CONCEPT 1 – The Addition Rule
As discussed in earlier objectives, we may want to calculate the probability of two or more options being a successful event. For example, in a bag of marbles there are 5 red, 2 green and 3 purple, maybe the successful event is either picking a red or a green. This language naturally leads us to want to add the two probabilities together. We succeed with either red or with green so we add them and get the probability of 7/10.
Be careful!!! While this seems to be the general formula for addition -- IT IS NOT!!! This works nicely here because these two events are MUTUALLY EXCLUSIVE. Let us look at another example and you will see how this rule will not work and need a bit of revision.
A single 12 sided die is rolled. Event A is the factors of 6 and event B is that the roll was even.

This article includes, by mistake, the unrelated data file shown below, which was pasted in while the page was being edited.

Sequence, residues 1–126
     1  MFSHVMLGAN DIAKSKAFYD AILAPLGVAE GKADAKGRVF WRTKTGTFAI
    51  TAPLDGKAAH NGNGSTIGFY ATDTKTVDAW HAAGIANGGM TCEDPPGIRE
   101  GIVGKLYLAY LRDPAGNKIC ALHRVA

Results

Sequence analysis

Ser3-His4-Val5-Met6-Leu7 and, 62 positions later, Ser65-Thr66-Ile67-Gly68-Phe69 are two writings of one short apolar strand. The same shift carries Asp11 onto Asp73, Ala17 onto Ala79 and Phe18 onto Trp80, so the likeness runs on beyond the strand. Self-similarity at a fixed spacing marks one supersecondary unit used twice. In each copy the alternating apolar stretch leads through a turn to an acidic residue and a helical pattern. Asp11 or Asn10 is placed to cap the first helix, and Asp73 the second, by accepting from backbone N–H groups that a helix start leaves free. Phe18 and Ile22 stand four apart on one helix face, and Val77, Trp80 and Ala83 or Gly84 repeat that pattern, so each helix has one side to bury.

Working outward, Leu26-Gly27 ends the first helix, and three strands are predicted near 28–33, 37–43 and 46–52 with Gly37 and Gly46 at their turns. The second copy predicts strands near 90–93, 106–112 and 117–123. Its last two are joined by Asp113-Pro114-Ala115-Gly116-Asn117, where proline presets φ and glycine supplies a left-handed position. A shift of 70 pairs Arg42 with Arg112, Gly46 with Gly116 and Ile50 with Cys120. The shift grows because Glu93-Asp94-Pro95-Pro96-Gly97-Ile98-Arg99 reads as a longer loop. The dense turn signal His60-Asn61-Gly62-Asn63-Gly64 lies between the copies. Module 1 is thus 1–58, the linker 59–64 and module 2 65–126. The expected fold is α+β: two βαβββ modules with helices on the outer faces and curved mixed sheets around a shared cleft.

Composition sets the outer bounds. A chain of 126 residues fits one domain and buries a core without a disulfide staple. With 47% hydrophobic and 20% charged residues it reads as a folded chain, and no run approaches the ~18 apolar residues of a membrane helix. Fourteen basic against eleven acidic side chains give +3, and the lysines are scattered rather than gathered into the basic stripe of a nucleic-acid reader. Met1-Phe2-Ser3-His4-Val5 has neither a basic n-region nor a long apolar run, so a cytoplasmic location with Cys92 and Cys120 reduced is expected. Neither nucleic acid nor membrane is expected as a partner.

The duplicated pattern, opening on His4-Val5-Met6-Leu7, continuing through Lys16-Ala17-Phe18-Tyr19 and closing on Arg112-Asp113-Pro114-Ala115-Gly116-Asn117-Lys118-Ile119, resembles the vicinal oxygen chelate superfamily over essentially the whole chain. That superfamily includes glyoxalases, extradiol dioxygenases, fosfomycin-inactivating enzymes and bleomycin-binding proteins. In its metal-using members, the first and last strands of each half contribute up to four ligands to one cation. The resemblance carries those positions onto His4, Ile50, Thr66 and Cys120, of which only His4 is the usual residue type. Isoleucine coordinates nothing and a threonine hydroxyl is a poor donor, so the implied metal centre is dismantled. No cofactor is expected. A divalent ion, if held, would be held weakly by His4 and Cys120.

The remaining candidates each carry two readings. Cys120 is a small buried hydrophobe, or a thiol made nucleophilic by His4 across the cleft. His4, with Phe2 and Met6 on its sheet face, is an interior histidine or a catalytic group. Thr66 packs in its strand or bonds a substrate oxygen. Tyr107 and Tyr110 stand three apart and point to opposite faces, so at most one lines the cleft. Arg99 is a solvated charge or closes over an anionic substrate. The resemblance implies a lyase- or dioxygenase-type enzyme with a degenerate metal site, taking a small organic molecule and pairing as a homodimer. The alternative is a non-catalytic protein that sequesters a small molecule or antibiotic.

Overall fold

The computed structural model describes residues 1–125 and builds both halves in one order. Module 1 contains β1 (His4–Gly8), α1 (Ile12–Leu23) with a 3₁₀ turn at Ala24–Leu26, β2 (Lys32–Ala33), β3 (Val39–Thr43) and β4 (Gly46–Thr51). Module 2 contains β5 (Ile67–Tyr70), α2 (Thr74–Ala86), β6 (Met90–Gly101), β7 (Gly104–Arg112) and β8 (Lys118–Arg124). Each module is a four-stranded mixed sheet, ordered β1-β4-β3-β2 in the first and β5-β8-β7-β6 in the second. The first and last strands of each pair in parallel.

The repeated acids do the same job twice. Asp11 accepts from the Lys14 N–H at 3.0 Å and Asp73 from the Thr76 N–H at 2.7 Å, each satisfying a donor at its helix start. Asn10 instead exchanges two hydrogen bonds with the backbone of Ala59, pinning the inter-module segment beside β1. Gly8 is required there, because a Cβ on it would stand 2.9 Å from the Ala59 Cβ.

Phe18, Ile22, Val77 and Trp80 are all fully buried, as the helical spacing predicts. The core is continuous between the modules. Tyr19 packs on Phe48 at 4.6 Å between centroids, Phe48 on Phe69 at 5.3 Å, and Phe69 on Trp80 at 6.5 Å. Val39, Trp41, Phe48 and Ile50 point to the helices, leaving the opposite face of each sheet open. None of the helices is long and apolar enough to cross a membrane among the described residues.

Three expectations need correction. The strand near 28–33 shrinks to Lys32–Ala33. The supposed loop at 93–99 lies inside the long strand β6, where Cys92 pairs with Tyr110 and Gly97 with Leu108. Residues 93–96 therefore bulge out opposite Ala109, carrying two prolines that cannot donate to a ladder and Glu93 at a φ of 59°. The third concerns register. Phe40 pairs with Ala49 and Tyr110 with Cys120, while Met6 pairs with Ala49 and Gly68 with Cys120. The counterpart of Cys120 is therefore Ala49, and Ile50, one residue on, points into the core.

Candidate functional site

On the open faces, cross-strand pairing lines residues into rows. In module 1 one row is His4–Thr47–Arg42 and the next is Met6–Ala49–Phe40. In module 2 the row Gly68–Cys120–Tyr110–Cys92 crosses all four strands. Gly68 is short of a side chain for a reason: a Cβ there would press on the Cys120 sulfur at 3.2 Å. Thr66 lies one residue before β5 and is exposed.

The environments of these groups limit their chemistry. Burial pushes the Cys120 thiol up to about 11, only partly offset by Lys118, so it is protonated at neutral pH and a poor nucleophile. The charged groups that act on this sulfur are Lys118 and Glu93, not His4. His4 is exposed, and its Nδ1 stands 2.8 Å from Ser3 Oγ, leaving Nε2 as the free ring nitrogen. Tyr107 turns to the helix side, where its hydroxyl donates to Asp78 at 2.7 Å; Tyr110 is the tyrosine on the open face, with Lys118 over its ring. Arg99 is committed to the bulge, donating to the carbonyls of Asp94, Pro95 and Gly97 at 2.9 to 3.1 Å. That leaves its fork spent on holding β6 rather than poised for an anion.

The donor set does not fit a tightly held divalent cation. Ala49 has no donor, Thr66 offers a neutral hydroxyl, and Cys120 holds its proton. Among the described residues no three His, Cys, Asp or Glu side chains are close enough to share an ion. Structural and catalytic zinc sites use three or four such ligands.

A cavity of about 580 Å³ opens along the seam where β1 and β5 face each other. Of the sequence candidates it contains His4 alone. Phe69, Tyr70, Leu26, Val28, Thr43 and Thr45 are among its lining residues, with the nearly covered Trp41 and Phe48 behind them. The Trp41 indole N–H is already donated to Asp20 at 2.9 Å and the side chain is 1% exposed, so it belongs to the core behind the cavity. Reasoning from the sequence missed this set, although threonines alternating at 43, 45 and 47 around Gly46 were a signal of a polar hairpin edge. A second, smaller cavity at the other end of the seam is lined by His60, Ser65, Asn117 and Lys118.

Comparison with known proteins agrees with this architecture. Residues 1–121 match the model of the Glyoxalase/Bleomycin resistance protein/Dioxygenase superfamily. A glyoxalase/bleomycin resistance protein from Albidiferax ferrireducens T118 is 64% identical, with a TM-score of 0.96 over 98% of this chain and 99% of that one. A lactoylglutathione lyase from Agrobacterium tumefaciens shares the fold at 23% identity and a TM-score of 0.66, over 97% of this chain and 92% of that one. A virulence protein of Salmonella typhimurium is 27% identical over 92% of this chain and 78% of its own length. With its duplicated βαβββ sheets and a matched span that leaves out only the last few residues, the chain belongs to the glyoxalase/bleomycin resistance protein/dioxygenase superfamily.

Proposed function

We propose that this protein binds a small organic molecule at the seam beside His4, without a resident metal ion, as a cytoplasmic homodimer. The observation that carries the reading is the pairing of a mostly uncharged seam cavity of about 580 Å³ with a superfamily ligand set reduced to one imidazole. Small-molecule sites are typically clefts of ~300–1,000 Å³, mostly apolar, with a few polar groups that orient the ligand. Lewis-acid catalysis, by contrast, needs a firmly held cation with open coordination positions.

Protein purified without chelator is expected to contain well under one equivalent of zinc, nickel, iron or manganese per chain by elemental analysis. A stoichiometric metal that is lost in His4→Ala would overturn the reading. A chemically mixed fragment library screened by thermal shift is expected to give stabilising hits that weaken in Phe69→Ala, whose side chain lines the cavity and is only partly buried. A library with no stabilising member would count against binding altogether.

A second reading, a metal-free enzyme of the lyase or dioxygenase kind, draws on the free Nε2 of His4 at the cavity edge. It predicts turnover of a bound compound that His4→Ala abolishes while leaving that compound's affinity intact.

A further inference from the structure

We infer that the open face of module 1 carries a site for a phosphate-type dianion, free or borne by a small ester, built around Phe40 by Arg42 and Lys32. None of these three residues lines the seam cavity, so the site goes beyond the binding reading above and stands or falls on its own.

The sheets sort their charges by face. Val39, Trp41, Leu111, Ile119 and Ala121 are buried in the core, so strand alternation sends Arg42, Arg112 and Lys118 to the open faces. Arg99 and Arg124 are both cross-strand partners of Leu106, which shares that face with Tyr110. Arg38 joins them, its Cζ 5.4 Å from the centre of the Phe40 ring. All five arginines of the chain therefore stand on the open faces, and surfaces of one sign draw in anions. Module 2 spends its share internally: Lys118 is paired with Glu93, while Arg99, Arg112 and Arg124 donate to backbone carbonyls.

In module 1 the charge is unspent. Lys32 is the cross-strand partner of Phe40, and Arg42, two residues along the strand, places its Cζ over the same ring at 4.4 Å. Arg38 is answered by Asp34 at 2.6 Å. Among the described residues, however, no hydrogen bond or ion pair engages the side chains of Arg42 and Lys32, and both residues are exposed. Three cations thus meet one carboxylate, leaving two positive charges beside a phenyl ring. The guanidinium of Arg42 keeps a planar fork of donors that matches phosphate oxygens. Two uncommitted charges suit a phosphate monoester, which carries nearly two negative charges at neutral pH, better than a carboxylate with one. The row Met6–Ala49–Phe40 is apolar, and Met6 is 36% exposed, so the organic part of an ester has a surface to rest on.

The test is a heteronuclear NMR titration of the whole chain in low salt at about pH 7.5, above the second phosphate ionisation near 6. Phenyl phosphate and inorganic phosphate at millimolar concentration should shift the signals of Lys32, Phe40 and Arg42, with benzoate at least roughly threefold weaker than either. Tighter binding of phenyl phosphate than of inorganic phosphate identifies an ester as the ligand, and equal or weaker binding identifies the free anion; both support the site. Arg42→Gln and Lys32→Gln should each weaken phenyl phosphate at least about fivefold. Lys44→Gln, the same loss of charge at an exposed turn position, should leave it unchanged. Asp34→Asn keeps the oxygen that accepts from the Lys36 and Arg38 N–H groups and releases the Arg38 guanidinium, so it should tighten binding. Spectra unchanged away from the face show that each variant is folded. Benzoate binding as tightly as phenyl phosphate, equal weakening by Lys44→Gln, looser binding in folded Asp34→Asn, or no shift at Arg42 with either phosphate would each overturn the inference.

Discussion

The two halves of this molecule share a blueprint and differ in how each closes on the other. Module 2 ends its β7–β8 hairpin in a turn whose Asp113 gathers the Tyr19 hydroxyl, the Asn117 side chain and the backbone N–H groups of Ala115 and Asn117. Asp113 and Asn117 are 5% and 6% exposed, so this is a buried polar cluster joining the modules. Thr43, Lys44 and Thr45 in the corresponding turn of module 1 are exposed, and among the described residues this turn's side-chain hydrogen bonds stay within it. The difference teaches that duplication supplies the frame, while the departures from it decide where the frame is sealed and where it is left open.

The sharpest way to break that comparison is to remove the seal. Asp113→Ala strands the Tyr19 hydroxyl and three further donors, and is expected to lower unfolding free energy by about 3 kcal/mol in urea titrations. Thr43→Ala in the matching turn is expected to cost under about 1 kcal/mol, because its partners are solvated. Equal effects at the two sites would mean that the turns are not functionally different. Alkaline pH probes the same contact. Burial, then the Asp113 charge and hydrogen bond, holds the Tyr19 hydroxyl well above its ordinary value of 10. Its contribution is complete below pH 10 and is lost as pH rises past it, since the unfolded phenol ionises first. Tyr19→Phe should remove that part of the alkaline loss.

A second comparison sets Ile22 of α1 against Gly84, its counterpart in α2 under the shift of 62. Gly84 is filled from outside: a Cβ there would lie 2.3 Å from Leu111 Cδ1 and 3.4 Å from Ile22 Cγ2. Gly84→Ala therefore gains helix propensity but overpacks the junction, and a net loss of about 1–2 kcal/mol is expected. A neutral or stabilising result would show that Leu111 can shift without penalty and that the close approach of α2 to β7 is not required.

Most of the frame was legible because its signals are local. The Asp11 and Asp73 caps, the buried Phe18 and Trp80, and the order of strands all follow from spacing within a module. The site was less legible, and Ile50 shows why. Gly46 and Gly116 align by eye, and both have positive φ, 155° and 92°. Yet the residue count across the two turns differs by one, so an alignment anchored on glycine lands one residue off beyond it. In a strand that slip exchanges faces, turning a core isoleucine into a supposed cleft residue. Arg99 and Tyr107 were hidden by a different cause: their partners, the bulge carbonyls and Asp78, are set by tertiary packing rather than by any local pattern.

Let us look at why our addition formula worked for the first case and not the second.
|This is the critical concept... that the intersection gets double counted when adding two non mutually exclusive events. This set of three Venn diagrams is very important to display.
We had the same issue when working with a two way table. We had to be careful about not double counting the intersection of the two probabilities.
To take into account the possibility of double counting the intersection we need to modify the addition rule:
P(A or B) = P(A) + P(B) – P(A and B)
This formula works for ALL CASES. If the two events are have an intersection, then its duplication will be canceled out and if the two events are mutually exclusive the intersection is empty and it simplifies to adding the two probabilities together and subtracting nothing.
Here are a few examples: